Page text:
Our hypothesis was that different brain regions perform the two kinds of uncertainty computations (relative and total uncertainty), which in turn drive the two corresponding exploration strategies (directed exploration, operationalized as UCB, and random exploration, operationalized as Thompson sampling). We therefore defined a general linear model (GLM 1, Supplementary Table 2) with model-based trial-by-trial posterior estimates of absolute relative uncertainty, RUt, total uncertainty, TUt, absolute value difference, Vt, and absolute value difference scaled by total uncertainty, Vt/TUt, as parametric modulators for an impulse regressor at trial onset (trial_onset). All quantities were the same model-derived ideal observer trial by trial estimates which we used to model choices (Eq. (4)). For ease of notation, we sometimes refer to those parametric modulators as RU, TU, V, and V/TU, respectively. Following26, we used RUt instead of RUt to account for our arbitrary choice of arm 1 and arm 2 (note that TUt is always positive). We used the absolute value difference Vt for the same reason.

The trial_onset regressor was only included on trials on which the subject responded within 2 s of trial onset (i.e., non-timeout trials). We included a separate regressor at trial onset for trials on which the subject timed out (i.e., failed to respond within 2 s of trial onset) that was not parametrically modulated (trial_onset_timeout), since failure to respond could be indicative of failure to perform the necessary uncertainty computations. In order to control for any motor-related activity that might be captured by those regressors due to the hemodynamic lag, we also included a separate trial onset regressor on trials on which the subject chose arm 1 (trial_onset_chose_1). Finally, to account for response-related activity and feedback-related activity, we included regressors at reaction time (button_press) and feedback onset (feedback_onset), respectively. All regressors were impulse regressors (duration = 0 s) convolved with the canonical hemodynamic response function (HRF). The parametric modulators were not orthogonalized53. As is standard in SPM, there was a separate version of each regressor for every scanner run. Additionally, there were six motion regressors and an intercept regressor.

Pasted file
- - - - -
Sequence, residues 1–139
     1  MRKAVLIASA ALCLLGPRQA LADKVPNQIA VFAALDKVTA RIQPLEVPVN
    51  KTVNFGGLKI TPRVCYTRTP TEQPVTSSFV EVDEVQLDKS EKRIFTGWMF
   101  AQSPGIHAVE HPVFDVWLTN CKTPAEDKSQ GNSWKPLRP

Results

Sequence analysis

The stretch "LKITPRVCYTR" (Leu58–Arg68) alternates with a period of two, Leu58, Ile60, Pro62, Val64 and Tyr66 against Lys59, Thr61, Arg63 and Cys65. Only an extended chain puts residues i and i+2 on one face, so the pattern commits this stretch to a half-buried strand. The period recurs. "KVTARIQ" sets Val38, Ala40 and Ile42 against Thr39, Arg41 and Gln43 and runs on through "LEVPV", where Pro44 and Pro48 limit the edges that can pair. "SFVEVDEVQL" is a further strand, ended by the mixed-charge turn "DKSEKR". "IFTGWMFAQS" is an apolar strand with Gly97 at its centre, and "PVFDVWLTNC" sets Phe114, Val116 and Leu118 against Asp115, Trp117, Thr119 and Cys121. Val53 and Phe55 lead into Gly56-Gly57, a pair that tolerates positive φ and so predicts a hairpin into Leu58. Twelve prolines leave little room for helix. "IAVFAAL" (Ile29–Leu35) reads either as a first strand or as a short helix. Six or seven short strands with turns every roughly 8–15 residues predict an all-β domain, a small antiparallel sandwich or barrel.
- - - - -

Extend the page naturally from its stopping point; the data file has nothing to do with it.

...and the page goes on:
For group-level whole-brain analyses, we performed t-contrasts with single voxels thresholded at p < 0.001 and cluster family-wise error (FWE) correction applied at α = 0.05, reported in Supplementary Fig. 7 and Supplementary Tables 3 and 4. Uncorrected contrasts are shown in Figs. 3 and 4. We labeled clusters based on peak voxel labels from the deterministic Automated Anatomical Labeling (AAL2) atlas54,55. For clusters whose peak voxels were not labeled successfully by AAL2, we consulted the SPM Anatomy Toolbox56 and the CMA Harvard-Oxford atlas57. We report up to 3 peaks per cluster, with a minimum peak separation of 20 voxels. All voxel coordinates are reported in Montreal Neurological Institute (MNI) space.

Since the positive cluster for RUt in right RLPFC did not survive FWE correction, we resorted to using a priori ROIs from a study by Badre et al.26 for our subsequent analysis. Even though in their study subjects performed the different task and the authors used a different model, we believe the underlying uncertainty computations are equivalent to those in our study and hence likely to involve the same neural circuits. We defined the ROIs as spheres of radius 10-mm around the peak voxels for the corresponding contrasts reported by Badre et al.26: right RLPFC for relative uncertainty (MNI [36 56 −8]) and right DLPFC for total uncertainty (MNI [38 30 34]).

To compute the main effect in a given ROI, we averaged the neural coefficients (betas) within a sphere of radius 10-mm centered at the peak voxel of the ROI for each subject, and then performed a two-tailed t-test against 0 across subjects. To compute a contrast in a given ROI, we performed a paired two-tailed t-test across subjects between the betas for one regressor (e.g. RUt) and the betas for the other regressor (e.g. TUt), again averaged within a 10-mm-radius sphere.

We used the same methods for the decision value GLM (GLM 2, Supplementary Table 2) as with GLM 1.